Advertisement

Message Content Ontologies

  • Chris van Aart
  • Bob Wielinga
  • Guus Schreiber
Conference paper
  • 339 Downloads
Part of the Whitestein Series in Software Agent Technologies book series (WSSAT)

Abstract

In this article we address the problem of how agents can handle message-based communication. Our approach is to look at ontology-based communication, in which the meaning and intention of messages is specified in message content ontologies. The idea is that agents can share semantics by committing to shared message content ontologies. We discuss a theoretical framework for message-based communication, in which we sketch an ideal world where an agent is capable of various ontological operations. A pragmatic approach is presented, which enables the creation and use of ontologies to support message-based communication between agents.

Keywords

Reference Model Multiagent System Agent Communication Domain Concept Agent Platform 
These keywords were added by machine and not by the authors. This process is experimental and the keywords may be updated as the learning algorithm improves.

Preview

Unable to display preview. Download preview PDF.

Unable to display preview. Download preview PDF.

References

  1. [1]
    J.L Austin. How to Do Things with Words. Oxford University Press, 1976.Google Scholar
  2. [2]
    S.C. Bailin and W. Truszkowski. Ontology Negotiation between Scientific Archives. In Thirteenth International Conference on Scientific and Statistical Database Management, 2001.Google Scholar
  3. [3]
    F. Bellifemine, Caire G., T. Trucco, and G. Rimassa. JADE Programmer’s Guide. 2003.Google Scholar
  4. [4]
    A. Bond and L. Gasser. Readings in Distributed Artificial Intelligence. Morgan Kaufmann publishers Inc.: San Mateo, CA, USA, 1988.Google Scholar
  5. [5]
    A. Chavez and P. Maes. Kasbah: An agent marketplace for buying and selling goods. In Proceedings of the First International Conference on the practical Application of Intelligent Agents and Multi-agent systems, 1996.Google Scholar
  6. [6]
    S. Cranefield and M. Purvis. Uml as an ontology modelling language. In Workshop on Intelligent Information Integration, 16th International Joint Conference on Artificial Intelligence (IJCAI-99), 1999.Google Scholar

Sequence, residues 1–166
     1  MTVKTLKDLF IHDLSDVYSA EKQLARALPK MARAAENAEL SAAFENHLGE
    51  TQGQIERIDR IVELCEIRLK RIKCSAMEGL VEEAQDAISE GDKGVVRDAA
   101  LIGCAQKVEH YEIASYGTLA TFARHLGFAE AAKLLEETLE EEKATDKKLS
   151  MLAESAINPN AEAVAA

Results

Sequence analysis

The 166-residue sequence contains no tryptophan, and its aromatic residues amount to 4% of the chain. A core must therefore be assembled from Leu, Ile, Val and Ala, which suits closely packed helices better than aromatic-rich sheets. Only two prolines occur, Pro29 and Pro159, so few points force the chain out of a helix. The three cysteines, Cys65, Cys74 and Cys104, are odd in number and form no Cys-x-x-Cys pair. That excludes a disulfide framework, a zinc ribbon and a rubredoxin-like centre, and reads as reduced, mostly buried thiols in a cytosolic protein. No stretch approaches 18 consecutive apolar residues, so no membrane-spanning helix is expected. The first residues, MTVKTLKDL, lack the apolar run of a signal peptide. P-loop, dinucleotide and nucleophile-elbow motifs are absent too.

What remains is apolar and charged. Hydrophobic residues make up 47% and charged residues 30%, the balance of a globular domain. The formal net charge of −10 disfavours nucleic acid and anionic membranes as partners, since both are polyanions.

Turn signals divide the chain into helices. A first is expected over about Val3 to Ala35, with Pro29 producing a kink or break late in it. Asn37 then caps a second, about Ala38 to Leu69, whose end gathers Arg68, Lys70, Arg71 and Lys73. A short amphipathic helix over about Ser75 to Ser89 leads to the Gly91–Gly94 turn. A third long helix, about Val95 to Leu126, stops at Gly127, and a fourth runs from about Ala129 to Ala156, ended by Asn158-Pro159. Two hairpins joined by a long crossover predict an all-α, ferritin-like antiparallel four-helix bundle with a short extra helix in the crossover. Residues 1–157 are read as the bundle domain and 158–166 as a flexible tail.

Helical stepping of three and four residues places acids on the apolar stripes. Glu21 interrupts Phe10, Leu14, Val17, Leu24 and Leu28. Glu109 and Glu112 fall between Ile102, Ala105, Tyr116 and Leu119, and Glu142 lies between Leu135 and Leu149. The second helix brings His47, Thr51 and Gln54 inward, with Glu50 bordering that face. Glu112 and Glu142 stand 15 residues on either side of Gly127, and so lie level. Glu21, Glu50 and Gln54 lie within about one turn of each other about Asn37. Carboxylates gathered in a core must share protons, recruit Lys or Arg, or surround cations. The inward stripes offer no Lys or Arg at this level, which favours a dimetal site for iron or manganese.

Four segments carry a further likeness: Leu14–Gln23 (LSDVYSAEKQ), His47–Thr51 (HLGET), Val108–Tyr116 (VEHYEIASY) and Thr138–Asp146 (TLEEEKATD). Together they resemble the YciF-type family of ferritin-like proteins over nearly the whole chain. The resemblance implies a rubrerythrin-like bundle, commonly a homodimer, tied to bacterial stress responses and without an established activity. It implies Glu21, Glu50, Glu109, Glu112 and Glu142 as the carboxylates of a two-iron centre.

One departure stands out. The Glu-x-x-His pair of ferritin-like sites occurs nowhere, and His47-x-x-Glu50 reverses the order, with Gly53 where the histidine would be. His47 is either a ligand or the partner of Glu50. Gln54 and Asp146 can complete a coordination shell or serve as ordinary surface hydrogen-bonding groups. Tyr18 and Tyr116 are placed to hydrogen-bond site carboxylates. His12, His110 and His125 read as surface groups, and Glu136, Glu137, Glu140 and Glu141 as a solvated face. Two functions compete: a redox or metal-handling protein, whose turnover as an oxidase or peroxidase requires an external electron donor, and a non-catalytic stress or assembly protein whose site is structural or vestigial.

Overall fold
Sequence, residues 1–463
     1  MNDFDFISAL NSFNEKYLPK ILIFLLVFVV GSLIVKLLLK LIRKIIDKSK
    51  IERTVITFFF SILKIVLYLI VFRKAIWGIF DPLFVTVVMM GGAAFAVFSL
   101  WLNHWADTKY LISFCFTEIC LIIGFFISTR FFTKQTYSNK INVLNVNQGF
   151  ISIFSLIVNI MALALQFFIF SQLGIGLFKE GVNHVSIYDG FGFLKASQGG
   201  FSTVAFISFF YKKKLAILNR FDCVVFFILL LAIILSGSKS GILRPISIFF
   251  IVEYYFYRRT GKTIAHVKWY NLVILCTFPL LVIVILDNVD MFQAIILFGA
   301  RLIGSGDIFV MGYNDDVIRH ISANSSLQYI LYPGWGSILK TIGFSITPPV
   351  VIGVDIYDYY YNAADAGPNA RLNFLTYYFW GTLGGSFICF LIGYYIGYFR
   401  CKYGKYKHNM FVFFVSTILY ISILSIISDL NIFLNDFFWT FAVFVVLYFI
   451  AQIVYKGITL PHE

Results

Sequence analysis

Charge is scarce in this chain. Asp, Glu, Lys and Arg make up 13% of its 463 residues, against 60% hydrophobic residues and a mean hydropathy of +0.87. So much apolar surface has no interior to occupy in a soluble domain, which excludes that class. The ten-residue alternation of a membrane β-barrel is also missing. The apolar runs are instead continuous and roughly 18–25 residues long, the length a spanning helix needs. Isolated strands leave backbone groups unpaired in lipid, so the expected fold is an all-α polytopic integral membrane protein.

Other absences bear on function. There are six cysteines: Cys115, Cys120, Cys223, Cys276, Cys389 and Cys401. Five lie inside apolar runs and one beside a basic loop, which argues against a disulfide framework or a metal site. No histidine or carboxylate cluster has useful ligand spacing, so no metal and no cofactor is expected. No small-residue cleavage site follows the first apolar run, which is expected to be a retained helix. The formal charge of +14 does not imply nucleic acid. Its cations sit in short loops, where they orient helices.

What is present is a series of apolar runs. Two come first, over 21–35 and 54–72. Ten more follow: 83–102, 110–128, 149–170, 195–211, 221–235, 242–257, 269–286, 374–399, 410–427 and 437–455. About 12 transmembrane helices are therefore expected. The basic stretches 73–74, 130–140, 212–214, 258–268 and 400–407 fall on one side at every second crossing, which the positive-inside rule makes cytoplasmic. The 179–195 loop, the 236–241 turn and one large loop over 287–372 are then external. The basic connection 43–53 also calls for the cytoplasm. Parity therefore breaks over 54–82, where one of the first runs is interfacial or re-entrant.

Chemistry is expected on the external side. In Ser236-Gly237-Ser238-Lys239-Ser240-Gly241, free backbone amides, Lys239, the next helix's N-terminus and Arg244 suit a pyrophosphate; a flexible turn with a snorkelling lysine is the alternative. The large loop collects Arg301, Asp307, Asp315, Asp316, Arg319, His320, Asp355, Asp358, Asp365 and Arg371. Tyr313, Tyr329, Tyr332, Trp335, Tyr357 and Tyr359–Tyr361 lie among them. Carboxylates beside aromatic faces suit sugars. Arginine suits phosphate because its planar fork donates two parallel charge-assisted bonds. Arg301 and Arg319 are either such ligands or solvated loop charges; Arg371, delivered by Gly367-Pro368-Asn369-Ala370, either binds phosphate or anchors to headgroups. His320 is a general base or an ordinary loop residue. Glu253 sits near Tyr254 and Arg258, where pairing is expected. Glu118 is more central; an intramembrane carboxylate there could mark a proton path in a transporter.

7. [7]
    D. Fensel, V.R. Benjamins, E. Motta, and B.J. Wielinga. UPML: A framework for knowledge system reuse. In Proceedings of IJCAI-99, Stockholm, Sweden, 1999.Google Scholar
  8. [8]
    J. Ferber. Multi-Agent Systems. Addison-Wesley, Reading, MA, 1999.Google Scholar
  9. [9]
    FIPA. FIPA Ontology Service Specification. Technical Report XF000086, Foundation for Intelligent Physical Agents, http://www.fipa.org/specs/fipa00086/, 2001.Google Scholar
  10. [10]
    FIPA. FIPA Agent Management Specification. Technical Report SC00023, Foundation for Intelligent Physical Agents, http://www.fipa.org/specs/fipa00023/, 2002.Google Scholar
  11. [11]
    FIPA. FIPA Communicative Act Library Specification. Technical Report SC00037J, Foundation for Intelligent Physical Agents, http://www.fipa.org/specs/fipa00037, 2002.Google Scholar
  12. [12]
    FIPA. FIPA Contract Net Interaction Protocol Specification. Technical Report SC00029, Foundation for Intelligent Physical Agents, http://www.fipa.org/specs/fipa00029/, 2002.Google Scholar
  13. [13]
    FIPA. FIPA Dutch Auction Interaction Protocol Specification. Technical Report XC00032, Foundation for Intelligent Physical Agents, http://www.fipa.org/specs/fipa00032/, 2002.Google Scholar
  14. [14]
    FIPA. FIPA English Auction Interaction Protocol Specification. Technical Report XC00031, Foundation for Intelligent Physical Agents, http://www.fipa.org/specs/fipa00031/, 2002.Google Scholar
  15. [15]
    FIPA. FIPA Request Interaction Protocol Specification. Technical Report SC00026H, Foundation for Intelligent Physical Agents, http://www.fipa.org/specs/fipa00026, 2002.Google Scholar
  16. [16]